The Iranian Ministry of Health has registered more than 23,000 cases of HIV/AIDS as of November, 2011 ; however, the true number of persons living with HIV/AIDS in the country is estimated to be five times as many . The most common mode of transmission, for 56 % of cases, is through high risk injection, followed by 34 % through heterosexual contact, and 10 % through male–male sex . The proportion of reported female-to-male transmitted HIV cases has been substantially increasing . The existence of sex work had previously been denied in Iran by officials and by society in general . Authorities of the Ministry of Health now estimate there are 30,000–60,000 FSW in Iran . Published data explicitly about the context of sex work in Iran have been emerging in recent years [8–11]. Two broad topologies of sex work in Iran can be described. At the low socio-economic level are FSW selling sex for their own and their families’ basic survival needs. They are networked to other FSW and also access social support services from public centers and health institutions. High socio-economic level FSW are less networked, harder to reach, work independently and access private health services for medical care.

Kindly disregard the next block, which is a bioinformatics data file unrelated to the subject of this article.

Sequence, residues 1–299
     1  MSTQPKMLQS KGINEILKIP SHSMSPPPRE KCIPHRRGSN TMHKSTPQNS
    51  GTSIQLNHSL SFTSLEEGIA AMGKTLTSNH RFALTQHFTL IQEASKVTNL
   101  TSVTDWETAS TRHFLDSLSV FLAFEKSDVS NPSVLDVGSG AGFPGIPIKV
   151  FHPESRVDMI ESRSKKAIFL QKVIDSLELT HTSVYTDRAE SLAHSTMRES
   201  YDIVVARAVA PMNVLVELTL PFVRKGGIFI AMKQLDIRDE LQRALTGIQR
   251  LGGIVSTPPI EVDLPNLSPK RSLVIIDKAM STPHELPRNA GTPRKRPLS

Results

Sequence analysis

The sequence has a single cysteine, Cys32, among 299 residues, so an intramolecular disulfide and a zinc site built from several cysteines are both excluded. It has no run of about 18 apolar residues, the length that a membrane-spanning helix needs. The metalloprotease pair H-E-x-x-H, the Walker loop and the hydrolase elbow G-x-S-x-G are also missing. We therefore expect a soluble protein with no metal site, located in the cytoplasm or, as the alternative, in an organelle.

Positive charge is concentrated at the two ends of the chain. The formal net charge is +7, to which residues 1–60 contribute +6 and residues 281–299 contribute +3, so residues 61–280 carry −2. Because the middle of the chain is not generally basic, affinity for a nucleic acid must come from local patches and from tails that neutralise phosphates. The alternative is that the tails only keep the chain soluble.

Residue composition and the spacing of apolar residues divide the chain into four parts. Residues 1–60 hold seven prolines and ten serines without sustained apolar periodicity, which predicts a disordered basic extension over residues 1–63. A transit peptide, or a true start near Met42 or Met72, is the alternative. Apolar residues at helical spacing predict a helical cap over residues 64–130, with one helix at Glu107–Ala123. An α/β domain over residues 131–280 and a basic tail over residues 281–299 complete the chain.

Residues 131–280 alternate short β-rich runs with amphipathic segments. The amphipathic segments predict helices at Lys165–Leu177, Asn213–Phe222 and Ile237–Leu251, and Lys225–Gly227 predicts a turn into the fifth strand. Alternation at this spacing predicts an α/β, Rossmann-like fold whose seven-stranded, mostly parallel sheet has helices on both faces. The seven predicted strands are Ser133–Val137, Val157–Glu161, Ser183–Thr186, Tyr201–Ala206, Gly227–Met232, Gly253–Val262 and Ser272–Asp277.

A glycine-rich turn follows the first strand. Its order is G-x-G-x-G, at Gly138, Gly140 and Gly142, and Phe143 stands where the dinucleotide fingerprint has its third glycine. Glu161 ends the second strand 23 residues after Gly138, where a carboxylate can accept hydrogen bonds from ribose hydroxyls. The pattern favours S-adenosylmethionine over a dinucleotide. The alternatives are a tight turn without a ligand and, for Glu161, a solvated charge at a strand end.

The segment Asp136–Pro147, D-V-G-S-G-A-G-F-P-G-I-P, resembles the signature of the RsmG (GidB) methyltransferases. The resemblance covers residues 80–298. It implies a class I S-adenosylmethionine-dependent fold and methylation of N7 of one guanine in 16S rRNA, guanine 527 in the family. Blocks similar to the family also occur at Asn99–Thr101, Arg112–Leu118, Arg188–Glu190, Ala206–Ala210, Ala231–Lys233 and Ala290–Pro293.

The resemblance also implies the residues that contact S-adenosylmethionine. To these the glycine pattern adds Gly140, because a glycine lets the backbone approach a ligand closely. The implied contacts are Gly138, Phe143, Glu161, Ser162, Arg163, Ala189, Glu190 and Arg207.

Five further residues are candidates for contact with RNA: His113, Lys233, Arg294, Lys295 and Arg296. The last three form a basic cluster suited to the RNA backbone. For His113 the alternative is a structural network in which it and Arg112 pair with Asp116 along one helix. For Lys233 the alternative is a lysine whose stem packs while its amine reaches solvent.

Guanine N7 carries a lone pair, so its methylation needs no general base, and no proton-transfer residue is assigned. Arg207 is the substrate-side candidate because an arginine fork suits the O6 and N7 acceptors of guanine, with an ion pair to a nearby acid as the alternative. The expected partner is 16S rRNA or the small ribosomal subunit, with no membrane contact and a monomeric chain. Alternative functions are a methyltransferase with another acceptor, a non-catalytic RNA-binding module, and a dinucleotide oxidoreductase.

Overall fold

Recently, the Iranian government has acknowledged FSW as one of the groups most vulnerable to HIV who urgently need prevention and care services. This change in strategy and approach, we believe, likely reflects the evidence of increasing sexual transmission especially to women and to increased use of these data for advocacy and rapport-building with high-level leaders and health policy decision-makers. The recent evidence of the rise of HIV epidemic among women and the increased potential for expansion to other groups, such as FSW, may be fostering more open talk about affected sub-populations. As a result, more than twenty specialized centers have developed to provide a minimum package of services to FSW. The service package includes basic primary and reproductive health care, HIV testing and counseling, screening and treatment of sexually transmitted diseases and drug detoxification and maintenance therapy.
Despite recognition of their basic health needs and official policies to meet them, the population of FSW in Iran still faces potentially severe legal action and a fragile situation persists. Sex that occurs between any persons who are not married to each other, including in prostitution, can be prosecuted as a capital offense. Periodic police sweeps target houses, hotels and other venues that gain a reputation for being places where people find commercial sex. The context of FSW in Iran therefore drives the sex work further underground and hinders the accurate reporting of behavioral data—a situation similar to other parts of the world albeit usually less intensely.